Organic Valley to provide market to Horizon dairy farmers
MONTPELIER, Vt. (WCAX) - Organic Valley, one of the country’s largest farmer-owned organic cooperatives, announced Tuesday it will provide a market to 80 Northeast dairy farms that were dropped by Horizon Organic last year.
Horizon said it was dropping the milk contracts with farms across the Northeast due to hauling expenses and other factors. The news put at least 28 Vermont organic dairy farms in jeopardy of shutting down.
“We are off the beaten path is what we are so we were afraid we weren’t going to get anyone else to come out here,” said George Osgood, a Corinth dairy farmer that was dropped by Horizon and one of 10 that has already signed on to the Organic Valley deal.
“We are now stepping up and saying we are offering 100% of all farmers that meet our standards to come and join the cooperative,” said Organic Valley’s Travis Forgues. He says this isn’t an immediate membership, but that the letters of intent mean they are committed to purchasing these farmers’ milk and membership before the official end of their Horizon contracts. “Let’s give people the comfort that they have a contract or a letter of intent, which is our commitment. We are not backing out of that. We are saying, ‘we are here, we are committed.’”
Of the Northeast Farms getting the agreements, there are 50 in New York, one in New Hampshire, 13 in Vermont, and 11 in Maine. The Northeast Dairy Task Force has been working to come up with a solution and released a set of recommendations in January to help the farms.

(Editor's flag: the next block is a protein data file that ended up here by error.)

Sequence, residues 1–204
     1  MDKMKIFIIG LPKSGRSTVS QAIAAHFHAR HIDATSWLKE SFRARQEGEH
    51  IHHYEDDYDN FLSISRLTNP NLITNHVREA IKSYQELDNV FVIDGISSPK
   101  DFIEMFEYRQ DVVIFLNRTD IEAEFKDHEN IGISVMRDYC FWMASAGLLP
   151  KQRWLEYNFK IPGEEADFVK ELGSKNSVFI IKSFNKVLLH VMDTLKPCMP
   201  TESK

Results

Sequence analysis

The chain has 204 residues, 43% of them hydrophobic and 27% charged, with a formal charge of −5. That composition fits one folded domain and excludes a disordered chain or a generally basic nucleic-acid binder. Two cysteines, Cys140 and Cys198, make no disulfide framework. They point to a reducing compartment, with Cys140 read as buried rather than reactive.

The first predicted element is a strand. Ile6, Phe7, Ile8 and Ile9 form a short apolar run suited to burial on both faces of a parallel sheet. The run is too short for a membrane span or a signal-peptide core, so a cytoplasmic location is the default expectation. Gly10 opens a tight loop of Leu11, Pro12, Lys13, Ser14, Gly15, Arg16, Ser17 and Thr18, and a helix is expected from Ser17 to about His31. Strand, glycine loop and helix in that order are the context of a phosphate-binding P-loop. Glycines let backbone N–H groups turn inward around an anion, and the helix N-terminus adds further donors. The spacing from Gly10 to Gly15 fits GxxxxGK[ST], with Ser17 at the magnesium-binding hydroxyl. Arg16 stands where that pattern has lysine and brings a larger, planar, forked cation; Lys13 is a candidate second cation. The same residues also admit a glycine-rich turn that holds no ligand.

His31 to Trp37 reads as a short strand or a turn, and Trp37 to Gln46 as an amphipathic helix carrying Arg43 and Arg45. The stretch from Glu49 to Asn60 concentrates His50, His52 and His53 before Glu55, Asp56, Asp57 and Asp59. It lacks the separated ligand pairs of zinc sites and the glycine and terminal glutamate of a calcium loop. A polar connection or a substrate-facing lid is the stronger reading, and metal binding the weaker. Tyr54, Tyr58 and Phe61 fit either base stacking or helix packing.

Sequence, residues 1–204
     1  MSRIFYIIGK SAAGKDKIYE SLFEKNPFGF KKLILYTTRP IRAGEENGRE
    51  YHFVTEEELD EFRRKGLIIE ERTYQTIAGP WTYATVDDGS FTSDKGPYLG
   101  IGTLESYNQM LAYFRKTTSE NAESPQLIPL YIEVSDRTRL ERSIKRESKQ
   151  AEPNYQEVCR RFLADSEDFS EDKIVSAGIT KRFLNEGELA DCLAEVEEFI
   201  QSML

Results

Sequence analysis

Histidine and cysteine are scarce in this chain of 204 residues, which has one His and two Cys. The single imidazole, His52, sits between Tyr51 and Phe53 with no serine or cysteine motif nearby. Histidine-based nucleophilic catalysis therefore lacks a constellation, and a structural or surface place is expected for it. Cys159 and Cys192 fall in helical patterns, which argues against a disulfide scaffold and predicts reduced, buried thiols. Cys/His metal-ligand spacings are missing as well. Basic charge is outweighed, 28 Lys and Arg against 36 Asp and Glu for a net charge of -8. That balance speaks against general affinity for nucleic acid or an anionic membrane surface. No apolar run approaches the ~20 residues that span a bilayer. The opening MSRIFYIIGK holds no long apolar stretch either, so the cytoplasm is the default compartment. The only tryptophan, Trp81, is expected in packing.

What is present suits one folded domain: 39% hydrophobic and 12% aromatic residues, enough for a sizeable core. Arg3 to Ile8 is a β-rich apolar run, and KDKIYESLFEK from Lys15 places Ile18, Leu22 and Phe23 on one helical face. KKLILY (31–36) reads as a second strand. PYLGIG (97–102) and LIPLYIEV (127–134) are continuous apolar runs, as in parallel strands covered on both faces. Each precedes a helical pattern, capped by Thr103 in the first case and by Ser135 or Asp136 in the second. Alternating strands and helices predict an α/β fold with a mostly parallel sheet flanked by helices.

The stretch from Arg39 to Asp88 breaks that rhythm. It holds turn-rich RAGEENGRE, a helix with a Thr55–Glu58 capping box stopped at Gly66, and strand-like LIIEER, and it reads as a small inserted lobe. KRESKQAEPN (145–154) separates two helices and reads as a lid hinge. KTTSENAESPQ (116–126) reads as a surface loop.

“This is what we had hoped for when we created the task force at the Agency of Ag,” said Vt. Secretary of Agriculture Anson Tebbetts. He says this is a significant organic dairy development and that while it will save over a dozen organic farms in Vermont, there is still work to do. “These contracts are the first step, but we need to build upon that.”
Tebbetts cites infrastructure upgrades, more processing in our region, and some on-farm work as items the task force identified to get milk to market. He says for the farms that don’t get contracts, the state hasn’t given up. “We want to hear from farmers if they do not have a contract yet and they are concerned about where they might be selling their milk. The Agency of Agriculture wants to hear from them and see if we can find a solution for them as well,” he said.
Back in Corinth, Osgood wants consumers to remember Horizon’s exit. “It was really good of Organic Valley to step up. As for Horizon goes, hopefully, people stop buying their products out there. If they can’t take our milk, they shouldn’t be allowed to bring their products into our stores locally,” he said.
Osgood has only worked with the Wisconsin-based company for one month but says he is excited by the new partnership.
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